1973 (Robert Crown, of Crown Beach fame, was against Measure A because he knew the deleterious impact it would have on Alameda’s diversity. Mayor LaCroix also had similar comments as well):

  8. RDS says:

    Viewing the video, and examining the arguments put forward by Mr. Knox, I grieve for the state of political discussion in Alameda. Personal attacks. Made up facts. Dismissal of documented facts which don’t agree with assertions. This is what “progressive” has come to? How disappointing.

  9. Frank Tiesma says:

    I bookedmarked your blog for the much appreciated insights you often provide. This one was unreadble. Perhaps your normal insights are buried within this emotional diatribe, but it wasn’t worth the effort. Please consider a rewrite to bring to your normal standard.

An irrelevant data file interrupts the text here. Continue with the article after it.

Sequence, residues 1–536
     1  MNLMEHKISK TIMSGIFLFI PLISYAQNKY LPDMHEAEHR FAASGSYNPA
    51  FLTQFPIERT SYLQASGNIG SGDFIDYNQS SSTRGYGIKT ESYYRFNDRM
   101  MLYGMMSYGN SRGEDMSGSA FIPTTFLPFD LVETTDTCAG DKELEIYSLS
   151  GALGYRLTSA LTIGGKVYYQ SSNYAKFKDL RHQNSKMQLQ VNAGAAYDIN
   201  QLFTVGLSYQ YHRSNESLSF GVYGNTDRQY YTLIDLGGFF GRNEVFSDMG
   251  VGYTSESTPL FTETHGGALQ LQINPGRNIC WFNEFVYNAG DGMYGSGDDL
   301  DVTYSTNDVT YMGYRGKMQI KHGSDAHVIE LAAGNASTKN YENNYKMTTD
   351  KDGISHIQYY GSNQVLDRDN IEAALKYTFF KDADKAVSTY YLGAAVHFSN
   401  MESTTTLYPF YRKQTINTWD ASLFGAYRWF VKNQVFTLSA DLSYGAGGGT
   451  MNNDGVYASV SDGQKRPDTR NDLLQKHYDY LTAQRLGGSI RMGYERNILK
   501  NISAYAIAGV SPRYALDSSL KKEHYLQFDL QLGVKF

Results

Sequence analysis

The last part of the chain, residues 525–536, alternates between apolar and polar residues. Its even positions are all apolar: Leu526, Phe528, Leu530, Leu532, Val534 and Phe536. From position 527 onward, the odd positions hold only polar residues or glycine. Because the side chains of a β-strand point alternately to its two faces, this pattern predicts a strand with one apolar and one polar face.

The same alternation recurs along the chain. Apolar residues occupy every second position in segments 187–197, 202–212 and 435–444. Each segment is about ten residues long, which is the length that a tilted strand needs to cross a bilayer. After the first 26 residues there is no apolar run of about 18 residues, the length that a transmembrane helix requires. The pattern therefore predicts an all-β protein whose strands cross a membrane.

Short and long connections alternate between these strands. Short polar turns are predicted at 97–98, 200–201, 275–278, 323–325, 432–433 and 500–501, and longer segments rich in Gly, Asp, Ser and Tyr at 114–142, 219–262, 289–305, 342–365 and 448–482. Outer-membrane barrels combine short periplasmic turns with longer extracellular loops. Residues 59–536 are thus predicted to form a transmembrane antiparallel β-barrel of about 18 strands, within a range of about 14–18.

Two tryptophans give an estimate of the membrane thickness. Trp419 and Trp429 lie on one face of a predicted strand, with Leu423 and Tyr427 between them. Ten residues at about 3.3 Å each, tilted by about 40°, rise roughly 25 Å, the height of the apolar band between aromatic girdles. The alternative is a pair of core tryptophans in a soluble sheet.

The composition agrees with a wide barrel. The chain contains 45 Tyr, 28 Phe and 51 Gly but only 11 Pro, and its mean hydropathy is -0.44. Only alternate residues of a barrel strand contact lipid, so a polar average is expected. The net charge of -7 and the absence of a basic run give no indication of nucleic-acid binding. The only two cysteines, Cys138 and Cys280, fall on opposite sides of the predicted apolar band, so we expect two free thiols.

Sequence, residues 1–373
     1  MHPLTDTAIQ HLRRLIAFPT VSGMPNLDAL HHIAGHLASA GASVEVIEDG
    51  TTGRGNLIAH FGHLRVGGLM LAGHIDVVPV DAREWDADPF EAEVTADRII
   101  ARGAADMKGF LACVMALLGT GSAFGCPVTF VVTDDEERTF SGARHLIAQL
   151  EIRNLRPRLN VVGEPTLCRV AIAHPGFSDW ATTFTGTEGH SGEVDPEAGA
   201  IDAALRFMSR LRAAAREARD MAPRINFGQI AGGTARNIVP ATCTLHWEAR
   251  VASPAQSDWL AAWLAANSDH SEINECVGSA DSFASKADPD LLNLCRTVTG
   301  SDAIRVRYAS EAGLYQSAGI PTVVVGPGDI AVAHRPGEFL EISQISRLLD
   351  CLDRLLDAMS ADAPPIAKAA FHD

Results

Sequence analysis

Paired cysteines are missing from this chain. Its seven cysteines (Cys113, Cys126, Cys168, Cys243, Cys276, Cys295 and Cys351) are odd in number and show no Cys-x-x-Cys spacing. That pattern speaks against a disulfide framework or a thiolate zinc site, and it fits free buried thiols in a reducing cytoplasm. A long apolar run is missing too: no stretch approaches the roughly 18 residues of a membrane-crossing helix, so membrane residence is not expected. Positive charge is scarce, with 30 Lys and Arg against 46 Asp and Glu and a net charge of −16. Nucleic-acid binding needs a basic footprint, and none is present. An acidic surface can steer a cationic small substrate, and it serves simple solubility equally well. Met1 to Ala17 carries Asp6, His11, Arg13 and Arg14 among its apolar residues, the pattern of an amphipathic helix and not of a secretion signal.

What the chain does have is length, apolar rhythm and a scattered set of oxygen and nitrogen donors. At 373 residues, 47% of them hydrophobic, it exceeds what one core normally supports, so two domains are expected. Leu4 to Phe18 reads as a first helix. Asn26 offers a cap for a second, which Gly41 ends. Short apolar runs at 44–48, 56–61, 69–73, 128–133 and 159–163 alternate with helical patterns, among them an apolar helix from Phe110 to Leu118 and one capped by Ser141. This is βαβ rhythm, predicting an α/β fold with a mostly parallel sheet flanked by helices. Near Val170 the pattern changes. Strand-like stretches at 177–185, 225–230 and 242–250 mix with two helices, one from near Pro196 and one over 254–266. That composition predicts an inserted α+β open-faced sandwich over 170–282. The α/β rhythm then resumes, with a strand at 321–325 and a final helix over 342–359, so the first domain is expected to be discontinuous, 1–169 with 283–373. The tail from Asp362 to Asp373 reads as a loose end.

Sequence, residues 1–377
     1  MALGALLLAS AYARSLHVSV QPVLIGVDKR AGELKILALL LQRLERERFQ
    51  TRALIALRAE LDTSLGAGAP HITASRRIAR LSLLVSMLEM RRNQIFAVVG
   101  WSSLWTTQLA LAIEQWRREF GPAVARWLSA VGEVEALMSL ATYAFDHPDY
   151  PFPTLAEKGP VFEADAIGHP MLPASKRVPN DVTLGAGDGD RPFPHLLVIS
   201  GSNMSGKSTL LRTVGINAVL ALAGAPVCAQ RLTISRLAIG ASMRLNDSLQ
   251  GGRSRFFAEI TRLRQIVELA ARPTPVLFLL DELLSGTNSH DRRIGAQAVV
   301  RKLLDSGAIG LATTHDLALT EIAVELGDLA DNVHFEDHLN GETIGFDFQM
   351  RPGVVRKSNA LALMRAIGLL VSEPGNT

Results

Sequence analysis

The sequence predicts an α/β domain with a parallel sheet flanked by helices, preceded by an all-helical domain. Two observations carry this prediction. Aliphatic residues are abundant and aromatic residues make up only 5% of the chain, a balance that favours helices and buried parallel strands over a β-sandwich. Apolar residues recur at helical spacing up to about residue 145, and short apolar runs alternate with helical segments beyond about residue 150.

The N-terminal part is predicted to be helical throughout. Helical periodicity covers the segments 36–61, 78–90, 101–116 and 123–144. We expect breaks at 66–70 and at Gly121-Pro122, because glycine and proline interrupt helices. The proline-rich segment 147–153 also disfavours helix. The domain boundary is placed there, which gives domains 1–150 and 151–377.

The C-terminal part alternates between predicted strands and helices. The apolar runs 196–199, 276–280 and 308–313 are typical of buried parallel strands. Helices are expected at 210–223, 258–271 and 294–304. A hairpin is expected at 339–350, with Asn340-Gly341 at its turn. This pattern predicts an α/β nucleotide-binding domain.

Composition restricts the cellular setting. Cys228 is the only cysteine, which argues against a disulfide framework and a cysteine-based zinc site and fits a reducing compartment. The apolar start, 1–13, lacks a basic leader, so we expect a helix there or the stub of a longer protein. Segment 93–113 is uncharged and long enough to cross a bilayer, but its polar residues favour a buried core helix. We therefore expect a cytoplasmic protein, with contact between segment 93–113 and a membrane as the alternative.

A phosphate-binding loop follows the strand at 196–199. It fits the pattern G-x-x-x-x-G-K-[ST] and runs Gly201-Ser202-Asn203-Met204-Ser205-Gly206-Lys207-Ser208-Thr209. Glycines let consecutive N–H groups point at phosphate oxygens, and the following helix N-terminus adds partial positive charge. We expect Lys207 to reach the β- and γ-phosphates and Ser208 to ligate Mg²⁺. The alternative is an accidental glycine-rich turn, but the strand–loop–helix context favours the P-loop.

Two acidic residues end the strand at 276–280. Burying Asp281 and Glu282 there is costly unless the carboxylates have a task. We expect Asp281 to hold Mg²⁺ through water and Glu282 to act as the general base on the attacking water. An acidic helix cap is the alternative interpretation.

• Marilyn Pomeroy says:

      Seems like a lazy boy critique. Can you be more specific?

      • Dave says:

        He simply doesn’t agree with the final analysis of JKW. That’s all.

      • Frank Tiesma says:

        Fair question, Marilyn. Yes, with examples:
        – get to the point, e.g., “Can you be more specific?”
        – drop the snarky fluff, e.g., “Seems like a lazy boy critique.”

        Context: I typically have an opinion on issues covered here and read it to be challenged, picking up points missed, to learn where I’m wrong.

        This blog entry starts with 7 snarky paragraphs before, “For example…” followed by two excellent points, and a provocative third point. There, Mr. Sullwold seems to imply our existing situation is automatically legal as long as there is sufficient land inventory, like a math equation.* If so, Mr. Sullwold could have stopped there but, instead, added two more snarky paragraphs.

        I stopped at the next paragraph, “…as is his wont…” and scanned ahead to check the snark/point ratio. Too much snark. I came to learn about Measure Z, not Mr. Knox White.